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Research Topic: DV Colour Space

By Ian Mander, 13 June 1999.

Question: How come a DV stream is 3.5MB/sec and the compression is fixed at 5:1 when uncompressed RGB digital video is about 31.6MB/sec?

Answer: PAL (and NTSC) video does not use the RGB colour space. The colour space it does use needs less bandwidth (bytes of data per second).

RGB (also called "true-colour") has 8 bits of colour information for each of the red, green, and blue colour channels. This makes a total of 24 bits or 3 bytes. A PAL frame is 768 x 576, and being 25 frames per second makes 3 x 768 x 576 x 25 = 32400kB or 31.640526MB.

Normal PAL video uses the YUV colour space. Y is luminance while U and V are different chrominance components. U and V each use half the bandwidth that Y uses.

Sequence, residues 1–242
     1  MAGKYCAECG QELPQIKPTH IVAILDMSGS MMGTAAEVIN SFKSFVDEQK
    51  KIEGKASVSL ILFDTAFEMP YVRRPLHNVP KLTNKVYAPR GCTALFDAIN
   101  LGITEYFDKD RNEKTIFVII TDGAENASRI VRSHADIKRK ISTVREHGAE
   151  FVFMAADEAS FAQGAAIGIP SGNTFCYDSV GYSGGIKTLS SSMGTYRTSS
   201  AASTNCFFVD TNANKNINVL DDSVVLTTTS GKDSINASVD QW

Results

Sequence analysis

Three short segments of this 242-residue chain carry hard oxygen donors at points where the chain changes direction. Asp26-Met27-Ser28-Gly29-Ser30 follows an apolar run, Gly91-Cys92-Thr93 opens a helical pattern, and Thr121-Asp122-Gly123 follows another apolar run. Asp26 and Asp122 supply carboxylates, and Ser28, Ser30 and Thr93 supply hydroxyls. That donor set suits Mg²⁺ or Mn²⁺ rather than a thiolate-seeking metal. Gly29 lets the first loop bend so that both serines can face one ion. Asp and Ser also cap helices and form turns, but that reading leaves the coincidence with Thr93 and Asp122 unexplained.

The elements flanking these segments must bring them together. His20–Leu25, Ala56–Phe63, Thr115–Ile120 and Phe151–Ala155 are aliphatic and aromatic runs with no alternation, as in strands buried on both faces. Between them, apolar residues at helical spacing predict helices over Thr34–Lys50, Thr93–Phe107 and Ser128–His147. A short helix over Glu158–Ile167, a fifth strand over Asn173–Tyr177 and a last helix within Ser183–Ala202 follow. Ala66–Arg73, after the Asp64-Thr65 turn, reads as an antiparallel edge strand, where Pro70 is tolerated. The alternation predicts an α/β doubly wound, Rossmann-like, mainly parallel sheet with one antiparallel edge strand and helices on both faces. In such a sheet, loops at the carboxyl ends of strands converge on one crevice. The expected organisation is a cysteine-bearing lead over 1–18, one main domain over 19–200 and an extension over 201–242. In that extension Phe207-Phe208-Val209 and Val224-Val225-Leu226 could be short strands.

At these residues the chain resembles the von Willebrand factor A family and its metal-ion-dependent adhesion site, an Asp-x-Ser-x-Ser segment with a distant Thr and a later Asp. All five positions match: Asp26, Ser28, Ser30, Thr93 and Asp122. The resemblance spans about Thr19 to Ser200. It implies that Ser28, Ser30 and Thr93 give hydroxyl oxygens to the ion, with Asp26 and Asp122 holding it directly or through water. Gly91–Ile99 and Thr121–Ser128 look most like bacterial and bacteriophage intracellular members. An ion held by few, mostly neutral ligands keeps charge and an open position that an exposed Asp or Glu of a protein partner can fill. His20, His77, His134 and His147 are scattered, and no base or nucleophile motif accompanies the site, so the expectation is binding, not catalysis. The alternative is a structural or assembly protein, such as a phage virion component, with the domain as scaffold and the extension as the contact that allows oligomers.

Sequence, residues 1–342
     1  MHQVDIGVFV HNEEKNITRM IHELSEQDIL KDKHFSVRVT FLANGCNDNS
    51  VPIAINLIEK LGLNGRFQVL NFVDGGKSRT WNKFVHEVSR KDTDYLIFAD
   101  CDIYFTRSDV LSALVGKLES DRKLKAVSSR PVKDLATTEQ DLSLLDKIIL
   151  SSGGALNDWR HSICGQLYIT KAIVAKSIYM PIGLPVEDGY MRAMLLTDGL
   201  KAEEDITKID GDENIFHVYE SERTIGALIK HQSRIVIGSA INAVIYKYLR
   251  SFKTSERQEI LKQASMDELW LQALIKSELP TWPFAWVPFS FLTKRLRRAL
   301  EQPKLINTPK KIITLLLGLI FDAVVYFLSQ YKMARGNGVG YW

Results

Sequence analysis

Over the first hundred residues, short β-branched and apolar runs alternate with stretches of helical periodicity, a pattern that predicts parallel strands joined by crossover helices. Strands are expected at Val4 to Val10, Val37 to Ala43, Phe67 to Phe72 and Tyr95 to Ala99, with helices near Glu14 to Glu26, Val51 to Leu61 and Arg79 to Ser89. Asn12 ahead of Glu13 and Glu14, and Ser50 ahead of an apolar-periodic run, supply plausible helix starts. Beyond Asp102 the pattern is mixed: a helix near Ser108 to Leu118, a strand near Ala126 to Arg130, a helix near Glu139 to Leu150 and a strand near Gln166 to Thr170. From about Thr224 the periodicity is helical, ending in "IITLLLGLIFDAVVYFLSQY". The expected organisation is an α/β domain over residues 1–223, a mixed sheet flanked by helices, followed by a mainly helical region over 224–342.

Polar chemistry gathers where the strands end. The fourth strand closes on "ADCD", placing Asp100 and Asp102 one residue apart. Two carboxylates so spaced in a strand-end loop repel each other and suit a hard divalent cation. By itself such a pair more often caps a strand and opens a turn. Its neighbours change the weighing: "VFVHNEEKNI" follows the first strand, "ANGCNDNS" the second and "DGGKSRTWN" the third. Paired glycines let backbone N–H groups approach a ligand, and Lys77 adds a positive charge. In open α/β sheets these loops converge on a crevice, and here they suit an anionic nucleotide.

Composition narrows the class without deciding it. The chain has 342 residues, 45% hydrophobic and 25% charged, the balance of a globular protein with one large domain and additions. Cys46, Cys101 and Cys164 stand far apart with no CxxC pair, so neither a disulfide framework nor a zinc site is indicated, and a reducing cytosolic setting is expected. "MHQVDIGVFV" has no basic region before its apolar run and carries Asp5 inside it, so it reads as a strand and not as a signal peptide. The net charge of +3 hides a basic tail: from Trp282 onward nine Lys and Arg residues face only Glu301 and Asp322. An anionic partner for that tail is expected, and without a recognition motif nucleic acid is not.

However, D-1 component digital video equipment employs YCbCr coding. Y is luminance. Cb and Cr are different chrominance components.

International standard CCIR-601-1 specifies 8-bit digital coding for component video with black at luma code 16 and white at luma code 235, along with chroma in 8-bit two's complement form (centered on 128 with a peak at code 224). This coding has a slightly smaller excursion for luma than for chroma; luma has 219 risers compared to 224 for Cb and Cr. The notation CbCr distinguishes this set from PbPr, where the luma and chroma excursions are identical.

To cut a long story short, fancy compression methods mean that not as much disk space is needed for the same amount of video footage when it is in its native video colour space.

RGB to YCbCr conversion:

Y = 0.299R + 0.587G + 0.114B

Cb = -0.1687R - 0.3313G + 0.5B + 128

Cr = 0.5R - 0.4187G - 0.0813B + 128

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